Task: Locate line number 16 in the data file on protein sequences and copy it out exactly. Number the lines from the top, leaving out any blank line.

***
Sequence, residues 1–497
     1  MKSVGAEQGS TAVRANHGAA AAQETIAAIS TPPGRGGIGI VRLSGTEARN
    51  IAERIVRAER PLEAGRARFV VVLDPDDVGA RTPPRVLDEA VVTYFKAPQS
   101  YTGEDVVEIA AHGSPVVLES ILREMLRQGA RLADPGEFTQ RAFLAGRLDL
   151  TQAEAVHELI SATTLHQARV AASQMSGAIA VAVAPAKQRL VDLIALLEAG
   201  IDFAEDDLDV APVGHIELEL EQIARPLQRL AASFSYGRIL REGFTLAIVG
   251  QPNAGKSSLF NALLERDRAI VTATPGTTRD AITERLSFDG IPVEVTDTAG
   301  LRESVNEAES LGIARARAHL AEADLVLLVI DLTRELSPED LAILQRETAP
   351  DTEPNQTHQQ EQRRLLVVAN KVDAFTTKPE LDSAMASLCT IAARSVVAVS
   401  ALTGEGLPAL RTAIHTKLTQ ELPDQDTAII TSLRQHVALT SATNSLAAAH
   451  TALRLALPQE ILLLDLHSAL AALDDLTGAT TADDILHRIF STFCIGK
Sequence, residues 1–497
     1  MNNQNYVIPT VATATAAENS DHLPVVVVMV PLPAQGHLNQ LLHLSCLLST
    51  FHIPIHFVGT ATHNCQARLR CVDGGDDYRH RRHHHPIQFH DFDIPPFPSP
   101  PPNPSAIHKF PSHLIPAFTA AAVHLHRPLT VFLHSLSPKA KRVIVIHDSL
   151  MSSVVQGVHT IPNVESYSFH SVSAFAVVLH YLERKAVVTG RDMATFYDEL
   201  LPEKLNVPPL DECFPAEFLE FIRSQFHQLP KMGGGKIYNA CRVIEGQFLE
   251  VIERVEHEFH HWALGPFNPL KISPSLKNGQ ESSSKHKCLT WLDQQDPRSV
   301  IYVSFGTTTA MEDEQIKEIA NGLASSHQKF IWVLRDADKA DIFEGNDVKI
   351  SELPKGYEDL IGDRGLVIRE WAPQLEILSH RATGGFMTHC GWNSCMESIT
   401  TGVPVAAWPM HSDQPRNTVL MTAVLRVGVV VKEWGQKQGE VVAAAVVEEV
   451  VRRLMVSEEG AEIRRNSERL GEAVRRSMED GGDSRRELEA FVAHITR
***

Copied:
   151  MSSVVQGVHT IPNVESYSFH SVSAFAVVLH YLERKAVVTG RDMATFYDEL